These days China-US relations are generally better - South China Sea disputes notwithstanding - than they were in the early 1970's. Then Mao's influence tended to negate friendships with the capitalist superpower, while Nixon's reign in the US was still cowering under the pressure from the omnipotent anti-Red lobby, led by Senator Joe McCarthy.
That relations are relatively benign between the world's two undisputed super-powers has various forces to thank, trade and geo-politics in particular.
But, what occurred in 1971 during a table tennis tournament in Japan was generally considered the first sign of a thaw between the two behemoths. And, it had little to do with political wrangling and more to do with two mutually respectful athletes knocking down the largely artificial barriers that had been placed between them.
It is generally considered that Glenn Cowan, a champion US table tennis player, had missed his team bus after a late training session during the World Championships in Nagoya, Japan in April 1971. Members of the Chinese team, whose bus was just departing, waved the American over and offered him a lift.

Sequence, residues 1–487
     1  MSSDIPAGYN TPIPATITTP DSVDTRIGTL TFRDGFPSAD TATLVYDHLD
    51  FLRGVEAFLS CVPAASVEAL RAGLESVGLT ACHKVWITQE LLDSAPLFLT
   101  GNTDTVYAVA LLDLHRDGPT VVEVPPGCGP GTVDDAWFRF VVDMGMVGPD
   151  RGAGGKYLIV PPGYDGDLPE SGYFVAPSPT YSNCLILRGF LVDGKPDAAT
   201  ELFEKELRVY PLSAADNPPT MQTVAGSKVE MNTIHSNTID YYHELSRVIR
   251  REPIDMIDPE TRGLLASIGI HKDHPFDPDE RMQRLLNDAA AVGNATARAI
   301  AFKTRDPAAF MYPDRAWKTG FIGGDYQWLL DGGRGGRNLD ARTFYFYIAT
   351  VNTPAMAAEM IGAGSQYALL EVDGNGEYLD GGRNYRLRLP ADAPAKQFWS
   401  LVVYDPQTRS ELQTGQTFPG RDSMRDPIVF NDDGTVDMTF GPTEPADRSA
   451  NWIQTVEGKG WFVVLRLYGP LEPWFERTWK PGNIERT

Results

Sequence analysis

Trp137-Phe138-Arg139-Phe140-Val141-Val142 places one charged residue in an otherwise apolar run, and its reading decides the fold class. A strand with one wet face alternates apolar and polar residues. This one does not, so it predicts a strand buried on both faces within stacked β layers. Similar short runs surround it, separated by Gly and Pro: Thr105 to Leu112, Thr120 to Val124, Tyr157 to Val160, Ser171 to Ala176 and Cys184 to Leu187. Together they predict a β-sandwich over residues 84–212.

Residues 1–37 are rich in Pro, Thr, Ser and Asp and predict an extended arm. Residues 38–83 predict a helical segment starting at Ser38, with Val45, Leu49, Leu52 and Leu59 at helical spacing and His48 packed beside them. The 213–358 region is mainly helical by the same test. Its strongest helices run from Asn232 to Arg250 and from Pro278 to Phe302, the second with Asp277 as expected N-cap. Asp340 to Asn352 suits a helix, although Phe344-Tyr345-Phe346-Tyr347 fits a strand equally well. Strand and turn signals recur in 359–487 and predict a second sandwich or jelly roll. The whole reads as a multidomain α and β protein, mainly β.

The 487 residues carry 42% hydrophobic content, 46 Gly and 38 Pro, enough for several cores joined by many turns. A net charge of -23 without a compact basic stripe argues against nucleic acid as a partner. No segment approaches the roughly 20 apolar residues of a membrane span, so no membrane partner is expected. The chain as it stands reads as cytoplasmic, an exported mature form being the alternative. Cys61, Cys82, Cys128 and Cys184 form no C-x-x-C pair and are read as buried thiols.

Leading Chinese player Zhuang Zedong was one of the players Cowan joined up with and, as they and other Chinese players were communicating as best they could with Cowan, Zhuang went to his bag on the bus and took out a silk print he was carrying with him. The print was a traditional Chinese work from the player's home region (see picture above).
The chance meeting led to a team of US players and officials being invited to China. A few days after the above incident, Chinese and US players competed in friendly games across the country.
The tour led to US President Nixon visiting China on an official state visit in February 1972. This was one of the first formal visits to Maoist China by a Western leader and the first time by a US President. Prior to this visit, the US and China had been incommunicado for 25 years.
In April 1972, a Chinese table tennis team, led by Zhuang Zedong, visited the US.
That such a long, wintery relationship could be so warmed and re-animated by two athletes is testimony to the power of sport to embody humanity's better traits. The spontaneity of the moment and the authenticity of the two central figures, Cowan and Zhuang, only enhanced the significance of a chance meeting brought about by simple respect and sportsmanship.
The world might not have been the same without it.